Whether it's helping a child with autism access mainstream education, fighting cancer in Africa or improving students' career prospects through funding internships, giving to the University can really change lives. Read our case studies below to find out more. Inspired to give? It's easy to do so online.
Edmund's story: Autism research
Edmund was nine years old when he was finally diagnosed with autism and able to access the specialist intervention he needed and by this time he had already been labelled as a ‘naughty boy’ in his class. His parents firmly believe earlier diagnosis together with better awareness and normalisation of autism in society would have had a significant impact on their lives.
‘From an early age, teachers and other parents labelled Edmund as a very naughty boy, meaning he was ostracised by everyone; he had no friends and wasn’t invited to birthday parties or after school play dates,’ says Marianne Seary (MSc Computer Science, 1998), Edmund’s mum. ‘We felt instinctively that there was something more going on, but we found that doctors were reluctant to look at a child so young.
‘He continued in the local village school but there came a point when we had had enough and so we enrolled him in a private school with much smaller class sizes and demanded he see a specialist. One and a half years later, he was finally diagnosed with autism and he now works with an occupational therapist and a speech and language therapist to help improve his social interaction which has made a huge difference.
‘I am passionate about the University’s research into the early diagnosis of autism and specialist educational interventions as it could have made a huge difference to my son and our family. Autism isn’t visible and therefore it is often overlooked and dismissed as simply bad behaviour. Every child deserves friends and a chance to succeed in life and every family deserves to lead a normal life – to go on holiday, to eat out at restaurants – something which isn’t currently possible because of society’s attitude towards autism. But this is something the University’s researchers are working hard to change.’
The University’s groundbreaking training programme is giving teachers and carers the necessary knowledge to help all children in the classroom be the best they can be. Find out more here.
ACER's story: Autism research
At least one in 100 people globally are on the autism spectrum. The University of Birmingham is at the forefront of understanding the educational needs of these children and adults. This includes the development of teaching programmes and materials to address the knowledge gap and to better equip educators to give every child the best possible start in life to realise their potential.
The University’s Autism Centre for Education and Research (ACER) is pioneering the way to provide appropriate advice and support for those working with individuals with autism of all ages and abilities. The ACER team combines teaching, practitioner and parental experience to make a real difference to the education and care of children and young people with autism.
Dr Karen Guldberg (MEd Education, 2000; PGCert, 2003; PhD Education, 2008) Senior Lecturer in Autism, School of Education and Director of ACER says: ‘Autism is not uncommon any more. There are a lot of people out there in need of specialist intervention through education which is proven to make a real difference. What we do is encourage educators to look for the strengths in every child and to focus on autism as a difference rather than as a disability,’ she says.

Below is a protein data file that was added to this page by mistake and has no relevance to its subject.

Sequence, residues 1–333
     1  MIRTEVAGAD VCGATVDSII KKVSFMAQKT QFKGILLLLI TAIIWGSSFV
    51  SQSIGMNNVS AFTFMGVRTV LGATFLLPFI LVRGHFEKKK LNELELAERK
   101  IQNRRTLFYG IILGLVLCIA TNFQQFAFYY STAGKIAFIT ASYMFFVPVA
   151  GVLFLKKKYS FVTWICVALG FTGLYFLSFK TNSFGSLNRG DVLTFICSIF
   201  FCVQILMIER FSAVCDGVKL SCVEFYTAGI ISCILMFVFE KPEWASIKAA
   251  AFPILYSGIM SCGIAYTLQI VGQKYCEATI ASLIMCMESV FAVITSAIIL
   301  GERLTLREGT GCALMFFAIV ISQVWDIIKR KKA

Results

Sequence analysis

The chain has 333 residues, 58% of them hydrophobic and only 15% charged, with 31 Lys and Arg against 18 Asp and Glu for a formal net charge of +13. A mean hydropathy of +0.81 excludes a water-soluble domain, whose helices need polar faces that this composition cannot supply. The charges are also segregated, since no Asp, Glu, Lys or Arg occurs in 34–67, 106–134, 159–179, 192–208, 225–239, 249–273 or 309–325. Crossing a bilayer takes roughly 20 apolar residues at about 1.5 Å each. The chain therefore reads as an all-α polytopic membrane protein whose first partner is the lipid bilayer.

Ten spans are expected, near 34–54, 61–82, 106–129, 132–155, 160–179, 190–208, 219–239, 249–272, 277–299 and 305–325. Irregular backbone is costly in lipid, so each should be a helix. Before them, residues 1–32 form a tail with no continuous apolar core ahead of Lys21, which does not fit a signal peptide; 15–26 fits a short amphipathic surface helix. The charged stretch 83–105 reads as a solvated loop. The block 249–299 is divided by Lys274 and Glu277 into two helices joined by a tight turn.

‘I began my career as an early years teacher and had a boy with autism in my class. I found that my teacher training and instincts did not equip me to teach him and I needed more support. In ACER, we work collaboratively to develop strategies and intervention techniques for educators to transform their ability to teach children with autism. We have found that good practice in autism education is good practice for all children. The views and perspectives of individuals, family members and carers are also key areas emphasised in our work.’
ACER’s ideas and work have been implemented nationwide to better equip teaching staff in the classroom and their groundbreaking e-learning programme aims to help staff feel comfortable and confident engaging with all children in their classrooms. ACER has also developed three sets of training materials for education staff commissioned by the Autism Education Trust funded by the Department for Education and a set of National Standards for Schools and a Competency Framework to audit staff knowledge and understanding in autism (see www.autismeducationtrust.org.uk for details of these).
The ACER team is pioneering technology-enhanced learning and recently made headlines for taking robots into classrooms to break down social interaction barriers. They are studying an international model of educational intervention in local schools and are calling for more support for autism on both a national and international scale.
Karen says: ‘We have a responsibility to do something world-leading. International practitioners are thirsty for knowledge and want to better understand autism. They need input and ideas on how to best educate these children and young people. Everybody has something to give to society, and our teaching methods encourage individuals to feel valued by focusing on their strengths. Yet there are still some children who are denied access to effective education. We firmly believe in making a difference to children’s lives as well as to their families and schools.’